Marketers often lament that their teams’ efforts are not fully appreciated by higher ups, that they are overwhelmed by tactical requests, and that they don’t have a seat at the planning table. Ironically, while marketers are worried about lack of status and inadequate budgets, CEOs and CFOs are focused on entirely different concerns.

Nearly one in five financial marketers (18%) say they believe their only role is to run campaigns and product promotion. A quarter of marketing execs say their C-suite doesn’t understand how marketing helps achieve the organization’s strategic goal.

But at there’s some good news. When asked about marketing priorities, there is reasonable agreement among all internal constituencies about their organization’s top three goals: loan growth, deepening existing relationships, and acquiring new customers/members. However, marketing execs are more focused on acquiring new members, while the rest of the C-suite is more interested in deepening existing relationships.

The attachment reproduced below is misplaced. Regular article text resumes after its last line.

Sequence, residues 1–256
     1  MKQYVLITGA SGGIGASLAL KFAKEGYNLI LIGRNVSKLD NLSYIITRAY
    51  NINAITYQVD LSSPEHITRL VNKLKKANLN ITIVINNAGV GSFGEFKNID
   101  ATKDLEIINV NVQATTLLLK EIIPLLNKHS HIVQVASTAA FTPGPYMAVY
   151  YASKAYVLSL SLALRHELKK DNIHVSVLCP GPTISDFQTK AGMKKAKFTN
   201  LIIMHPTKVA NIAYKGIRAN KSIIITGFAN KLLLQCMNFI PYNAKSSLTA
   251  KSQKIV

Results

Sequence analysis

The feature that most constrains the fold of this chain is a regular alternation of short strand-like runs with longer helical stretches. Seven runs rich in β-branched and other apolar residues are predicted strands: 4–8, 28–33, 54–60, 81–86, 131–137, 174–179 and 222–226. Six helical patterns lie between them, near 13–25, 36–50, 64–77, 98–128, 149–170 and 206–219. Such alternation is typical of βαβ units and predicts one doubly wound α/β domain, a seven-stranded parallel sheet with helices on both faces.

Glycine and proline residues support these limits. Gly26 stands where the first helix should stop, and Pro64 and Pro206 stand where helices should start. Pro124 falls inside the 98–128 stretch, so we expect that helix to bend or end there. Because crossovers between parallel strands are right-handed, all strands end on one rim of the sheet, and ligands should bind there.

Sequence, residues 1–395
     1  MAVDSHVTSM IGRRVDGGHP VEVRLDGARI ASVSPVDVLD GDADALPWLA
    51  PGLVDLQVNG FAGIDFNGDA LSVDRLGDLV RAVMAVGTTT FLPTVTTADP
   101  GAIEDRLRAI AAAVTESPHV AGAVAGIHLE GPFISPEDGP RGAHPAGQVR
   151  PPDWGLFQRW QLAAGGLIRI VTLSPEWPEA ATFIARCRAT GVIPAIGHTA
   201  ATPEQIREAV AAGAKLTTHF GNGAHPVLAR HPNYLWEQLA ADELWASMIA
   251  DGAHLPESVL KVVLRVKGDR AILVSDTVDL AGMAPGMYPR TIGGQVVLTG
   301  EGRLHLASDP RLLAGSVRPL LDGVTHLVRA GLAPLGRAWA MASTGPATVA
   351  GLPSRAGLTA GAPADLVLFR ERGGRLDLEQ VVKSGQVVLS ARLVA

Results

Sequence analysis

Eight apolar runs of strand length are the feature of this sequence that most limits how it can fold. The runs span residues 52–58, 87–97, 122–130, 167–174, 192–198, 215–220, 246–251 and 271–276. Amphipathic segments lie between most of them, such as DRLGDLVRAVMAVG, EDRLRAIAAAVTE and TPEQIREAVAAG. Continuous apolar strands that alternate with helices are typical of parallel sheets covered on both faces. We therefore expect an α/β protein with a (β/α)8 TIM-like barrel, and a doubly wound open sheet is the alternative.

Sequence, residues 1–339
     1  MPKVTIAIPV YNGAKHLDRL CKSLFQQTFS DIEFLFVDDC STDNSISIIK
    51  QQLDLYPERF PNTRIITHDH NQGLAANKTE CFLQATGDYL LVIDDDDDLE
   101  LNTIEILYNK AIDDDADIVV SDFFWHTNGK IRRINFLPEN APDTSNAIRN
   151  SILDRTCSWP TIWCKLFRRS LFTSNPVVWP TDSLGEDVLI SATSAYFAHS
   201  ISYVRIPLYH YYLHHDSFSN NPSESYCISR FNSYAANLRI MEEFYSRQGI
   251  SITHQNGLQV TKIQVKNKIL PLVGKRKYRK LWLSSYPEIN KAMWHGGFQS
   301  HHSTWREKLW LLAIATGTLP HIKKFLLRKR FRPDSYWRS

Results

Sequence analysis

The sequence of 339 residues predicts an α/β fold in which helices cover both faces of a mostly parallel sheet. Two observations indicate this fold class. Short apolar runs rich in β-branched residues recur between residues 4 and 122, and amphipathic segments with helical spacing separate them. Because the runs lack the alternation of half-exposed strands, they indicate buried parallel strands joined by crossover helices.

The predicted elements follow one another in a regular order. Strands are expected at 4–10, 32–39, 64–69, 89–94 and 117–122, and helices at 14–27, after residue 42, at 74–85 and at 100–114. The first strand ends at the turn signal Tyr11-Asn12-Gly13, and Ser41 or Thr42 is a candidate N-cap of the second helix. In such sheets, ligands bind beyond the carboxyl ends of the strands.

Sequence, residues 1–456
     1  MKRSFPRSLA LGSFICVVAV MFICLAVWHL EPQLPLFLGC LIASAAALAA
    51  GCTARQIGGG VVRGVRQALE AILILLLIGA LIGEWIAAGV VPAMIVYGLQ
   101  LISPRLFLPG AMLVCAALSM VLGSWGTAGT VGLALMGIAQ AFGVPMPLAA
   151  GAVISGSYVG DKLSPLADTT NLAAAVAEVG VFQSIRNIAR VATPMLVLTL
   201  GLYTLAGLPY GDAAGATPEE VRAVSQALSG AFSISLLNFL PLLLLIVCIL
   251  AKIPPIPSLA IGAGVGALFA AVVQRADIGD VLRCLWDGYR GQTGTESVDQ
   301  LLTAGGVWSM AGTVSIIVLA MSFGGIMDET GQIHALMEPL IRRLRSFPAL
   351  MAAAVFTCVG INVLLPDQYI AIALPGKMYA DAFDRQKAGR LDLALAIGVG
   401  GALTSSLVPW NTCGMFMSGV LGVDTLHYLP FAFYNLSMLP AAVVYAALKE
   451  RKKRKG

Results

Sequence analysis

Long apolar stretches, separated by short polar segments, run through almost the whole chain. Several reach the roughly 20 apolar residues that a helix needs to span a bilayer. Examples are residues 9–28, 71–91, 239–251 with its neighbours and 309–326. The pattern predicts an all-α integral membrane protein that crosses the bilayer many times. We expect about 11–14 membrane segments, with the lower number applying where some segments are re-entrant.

Not Seeing Eye to Eye on Challenges

When it comes to the challenges facing financial marketers, there are some shared areas of concern. One thing that everyone tends to agree on: marketing and the C-suite share concerns over budget constraints and the ability to measure the performance of their marketing programs. The inflexibility of IT systems and tackling too many initiatives simultaneously are also among the challenges commonly cited by all participants in The Financial Brand’s survey. But the differences between CMOs and others in the C-suite are striking:

  • 43% of marketing executives say they have insufficient internal resources and manpower, while only 28% of their peers agree.
  • Nearly twice as many (38%) non-marketing executives see the definition of a digital marketing strategy being a major challenge than do CMOs (only 20%).